The planet Mei alights on is full of otherworldly flora and fauna. There's plenty of curious creatures to scan; some might provide useful parts to upgrade your ship whereas others will chase you and sap your shields and energy cells. The world design is immersive and evocative, the sense of being a newcomer to an alien planet inescapable. Your first few hours exploring and meeting the planet's inhabitants for the first time is incredibly compelling. The ultimate goal for Mei is to make contact with a strange but powerful signal called the Hymnwave which emanates from a nearby mountain called Tor.
As I say, there are shades of environmentalism to the narrative. Having exhausted the resources of their home planet, the only hope for humanity in Jett: The Far Shore is to take shelter in another solar system. Sound familiar? Superbrothers give us a sobering vision of what to expect if we follow our current trajectory on Earth. Interestingly, the people of Jett: The Far Shore have developed a strong spirituality in response to their plight. The characters all believe they're fated to rediscover their lives on this new planet thanks to the alien Hymnwave which drew them there. The reality turns out a little differently.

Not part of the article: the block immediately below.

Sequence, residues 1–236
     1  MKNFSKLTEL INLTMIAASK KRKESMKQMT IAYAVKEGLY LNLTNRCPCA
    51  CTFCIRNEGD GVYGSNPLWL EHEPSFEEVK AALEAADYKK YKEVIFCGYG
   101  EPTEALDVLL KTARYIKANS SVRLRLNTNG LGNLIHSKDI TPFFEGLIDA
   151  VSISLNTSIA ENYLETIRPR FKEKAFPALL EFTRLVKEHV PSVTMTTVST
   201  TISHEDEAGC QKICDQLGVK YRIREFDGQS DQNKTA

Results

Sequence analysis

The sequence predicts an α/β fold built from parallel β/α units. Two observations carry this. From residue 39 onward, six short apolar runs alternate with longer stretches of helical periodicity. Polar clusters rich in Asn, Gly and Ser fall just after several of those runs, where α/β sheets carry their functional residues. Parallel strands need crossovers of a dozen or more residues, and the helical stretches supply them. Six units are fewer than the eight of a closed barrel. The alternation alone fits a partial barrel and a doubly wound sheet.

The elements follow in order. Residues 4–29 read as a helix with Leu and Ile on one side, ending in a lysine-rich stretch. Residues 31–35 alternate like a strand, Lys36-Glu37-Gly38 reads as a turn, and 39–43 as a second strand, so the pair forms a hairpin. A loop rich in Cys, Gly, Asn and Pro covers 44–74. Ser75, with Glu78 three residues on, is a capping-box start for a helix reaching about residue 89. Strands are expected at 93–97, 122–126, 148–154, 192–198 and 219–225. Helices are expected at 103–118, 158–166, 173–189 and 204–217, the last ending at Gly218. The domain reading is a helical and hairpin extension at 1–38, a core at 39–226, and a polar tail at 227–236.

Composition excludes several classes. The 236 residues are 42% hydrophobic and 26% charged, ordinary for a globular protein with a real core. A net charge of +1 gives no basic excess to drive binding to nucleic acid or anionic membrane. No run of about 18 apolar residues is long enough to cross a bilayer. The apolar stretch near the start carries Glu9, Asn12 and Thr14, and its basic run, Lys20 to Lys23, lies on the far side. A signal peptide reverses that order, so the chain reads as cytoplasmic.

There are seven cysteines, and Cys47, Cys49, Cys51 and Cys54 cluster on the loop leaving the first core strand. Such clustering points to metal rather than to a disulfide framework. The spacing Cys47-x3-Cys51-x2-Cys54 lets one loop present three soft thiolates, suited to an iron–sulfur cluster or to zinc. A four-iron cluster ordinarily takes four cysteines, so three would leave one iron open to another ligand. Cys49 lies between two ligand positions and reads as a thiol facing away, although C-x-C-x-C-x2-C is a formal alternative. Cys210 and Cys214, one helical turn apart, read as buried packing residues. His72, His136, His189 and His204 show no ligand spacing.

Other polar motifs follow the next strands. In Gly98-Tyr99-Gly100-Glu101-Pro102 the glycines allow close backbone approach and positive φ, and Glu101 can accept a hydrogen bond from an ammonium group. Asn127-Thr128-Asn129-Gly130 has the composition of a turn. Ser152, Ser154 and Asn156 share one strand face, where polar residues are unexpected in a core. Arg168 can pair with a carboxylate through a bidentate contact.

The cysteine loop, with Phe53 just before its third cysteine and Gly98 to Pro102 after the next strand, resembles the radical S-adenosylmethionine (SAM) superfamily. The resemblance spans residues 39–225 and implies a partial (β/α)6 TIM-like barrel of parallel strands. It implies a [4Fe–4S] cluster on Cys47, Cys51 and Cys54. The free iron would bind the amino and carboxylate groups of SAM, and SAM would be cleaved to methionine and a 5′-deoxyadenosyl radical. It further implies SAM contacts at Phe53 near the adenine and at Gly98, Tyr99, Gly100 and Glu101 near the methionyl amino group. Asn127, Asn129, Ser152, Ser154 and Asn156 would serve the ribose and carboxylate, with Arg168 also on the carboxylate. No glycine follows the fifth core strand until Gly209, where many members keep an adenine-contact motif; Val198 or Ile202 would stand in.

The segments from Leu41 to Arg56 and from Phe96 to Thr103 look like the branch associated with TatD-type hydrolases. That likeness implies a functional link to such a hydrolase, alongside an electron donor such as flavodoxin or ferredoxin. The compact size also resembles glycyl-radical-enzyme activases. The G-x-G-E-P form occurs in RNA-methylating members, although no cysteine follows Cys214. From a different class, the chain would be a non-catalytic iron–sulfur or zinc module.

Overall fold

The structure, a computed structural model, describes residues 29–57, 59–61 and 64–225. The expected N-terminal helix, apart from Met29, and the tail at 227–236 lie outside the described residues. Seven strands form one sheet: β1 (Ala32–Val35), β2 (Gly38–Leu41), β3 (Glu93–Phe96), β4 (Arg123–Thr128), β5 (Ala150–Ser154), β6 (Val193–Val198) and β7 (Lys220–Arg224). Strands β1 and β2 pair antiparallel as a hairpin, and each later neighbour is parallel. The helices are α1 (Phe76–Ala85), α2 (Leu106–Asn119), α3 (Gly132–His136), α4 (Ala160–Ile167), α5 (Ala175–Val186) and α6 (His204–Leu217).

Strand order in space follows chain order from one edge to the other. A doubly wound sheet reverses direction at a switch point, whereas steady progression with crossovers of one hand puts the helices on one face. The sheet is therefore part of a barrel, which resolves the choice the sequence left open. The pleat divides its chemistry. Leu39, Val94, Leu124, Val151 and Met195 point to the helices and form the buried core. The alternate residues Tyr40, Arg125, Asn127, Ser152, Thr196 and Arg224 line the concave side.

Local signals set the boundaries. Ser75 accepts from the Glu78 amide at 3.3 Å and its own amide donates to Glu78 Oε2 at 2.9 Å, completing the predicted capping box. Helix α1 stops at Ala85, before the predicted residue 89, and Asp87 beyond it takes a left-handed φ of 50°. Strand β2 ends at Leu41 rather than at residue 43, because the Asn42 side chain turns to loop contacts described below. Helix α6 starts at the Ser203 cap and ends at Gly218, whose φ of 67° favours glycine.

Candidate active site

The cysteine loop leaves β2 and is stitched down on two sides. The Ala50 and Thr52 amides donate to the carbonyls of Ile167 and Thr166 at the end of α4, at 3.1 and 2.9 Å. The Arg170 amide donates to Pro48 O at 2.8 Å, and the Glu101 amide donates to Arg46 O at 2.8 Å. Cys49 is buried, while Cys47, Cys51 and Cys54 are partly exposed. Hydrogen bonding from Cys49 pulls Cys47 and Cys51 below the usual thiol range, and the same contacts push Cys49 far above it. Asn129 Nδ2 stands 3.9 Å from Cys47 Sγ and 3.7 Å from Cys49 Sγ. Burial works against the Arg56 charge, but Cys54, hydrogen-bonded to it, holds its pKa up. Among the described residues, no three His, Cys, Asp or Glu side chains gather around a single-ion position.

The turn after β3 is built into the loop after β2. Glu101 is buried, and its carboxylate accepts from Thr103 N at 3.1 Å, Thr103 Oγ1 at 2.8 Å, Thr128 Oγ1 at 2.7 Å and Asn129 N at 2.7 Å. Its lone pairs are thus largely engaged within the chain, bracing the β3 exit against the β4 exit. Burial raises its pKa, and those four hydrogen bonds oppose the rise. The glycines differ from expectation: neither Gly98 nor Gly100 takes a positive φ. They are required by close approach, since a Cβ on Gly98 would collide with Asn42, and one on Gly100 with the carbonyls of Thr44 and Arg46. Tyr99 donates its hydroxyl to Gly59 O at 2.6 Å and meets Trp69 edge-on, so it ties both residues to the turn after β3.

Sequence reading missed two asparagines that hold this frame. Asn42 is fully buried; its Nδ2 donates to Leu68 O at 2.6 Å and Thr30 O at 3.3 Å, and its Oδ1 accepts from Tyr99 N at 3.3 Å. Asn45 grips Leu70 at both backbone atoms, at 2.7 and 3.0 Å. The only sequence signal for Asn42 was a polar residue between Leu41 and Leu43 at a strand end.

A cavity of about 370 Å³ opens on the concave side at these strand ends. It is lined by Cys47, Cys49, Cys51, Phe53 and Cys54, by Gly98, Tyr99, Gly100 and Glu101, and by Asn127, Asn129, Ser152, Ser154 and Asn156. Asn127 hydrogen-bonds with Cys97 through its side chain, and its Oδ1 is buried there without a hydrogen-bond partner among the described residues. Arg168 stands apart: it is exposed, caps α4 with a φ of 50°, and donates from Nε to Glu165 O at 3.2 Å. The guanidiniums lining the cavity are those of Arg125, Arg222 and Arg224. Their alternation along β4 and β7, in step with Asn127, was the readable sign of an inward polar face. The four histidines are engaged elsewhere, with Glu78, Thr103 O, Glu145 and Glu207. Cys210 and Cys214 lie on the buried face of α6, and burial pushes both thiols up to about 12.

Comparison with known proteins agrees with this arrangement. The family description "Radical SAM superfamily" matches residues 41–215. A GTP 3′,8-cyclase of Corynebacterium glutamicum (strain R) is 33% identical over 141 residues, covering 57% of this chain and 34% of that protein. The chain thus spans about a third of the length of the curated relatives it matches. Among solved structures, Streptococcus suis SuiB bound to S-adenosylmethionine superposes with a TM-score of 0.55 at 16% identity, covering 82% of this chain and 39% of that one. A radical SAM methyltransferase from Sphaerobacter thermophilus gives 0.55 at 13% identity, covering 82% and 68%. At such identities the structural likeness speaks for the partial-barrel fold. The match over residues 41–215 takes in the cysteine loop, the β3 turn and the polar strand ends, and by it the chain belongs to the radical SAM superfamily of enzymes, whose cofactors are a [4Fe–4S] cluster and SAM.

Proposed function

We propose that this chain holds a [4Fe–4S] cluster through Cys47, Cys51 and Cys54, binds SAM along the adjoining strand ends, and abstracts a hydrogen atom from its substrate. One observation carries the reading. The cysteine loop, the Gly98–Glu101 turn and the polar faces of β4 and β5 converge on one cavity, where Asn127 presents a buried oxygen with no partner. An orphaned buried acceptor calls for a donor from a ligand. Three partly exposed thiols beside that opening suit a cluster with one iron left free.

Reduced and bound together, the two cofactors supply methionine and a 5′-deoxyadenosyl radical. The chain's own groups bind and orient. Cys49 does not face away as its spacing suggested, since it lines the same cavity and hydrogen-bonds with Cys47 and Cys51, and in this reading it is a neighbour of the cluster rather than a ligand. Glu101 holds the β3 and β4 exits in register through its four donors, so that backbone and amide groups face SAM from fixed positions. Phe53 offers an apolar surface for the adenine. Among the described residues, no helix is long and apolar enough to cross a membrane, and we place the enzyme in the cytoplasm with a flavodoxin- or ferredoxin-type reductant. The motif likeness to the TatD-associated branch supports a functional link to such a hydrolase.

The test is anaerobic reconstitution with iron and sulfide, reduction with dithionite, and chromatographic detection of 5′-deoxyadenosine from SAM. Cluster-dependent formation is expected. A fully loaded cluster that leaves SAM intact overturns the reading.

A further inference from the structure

The parallels to the idea of Manifest Destiny that colonizers used to justify their pillaging of pastures new are hard to resist. When will we learn how to live harmoniously with our environment?
However hubristic this appears to the player, the dialogue is still absolutely stunning. I haven't enjoyed writing in a game as much as Jett: The Far Shore in a good while. Every line is imbued with poetry, with a tendency towards the magical realist, and the narrative becomes increasingly psychedelic as time goes on. The meditative qualities of the writing mean the dialogue and scenes of exposition are actually some of the most enjoyable moments. It's not often you say that about a game.
Jett: The Far Shore - Crashing Back Down to Earth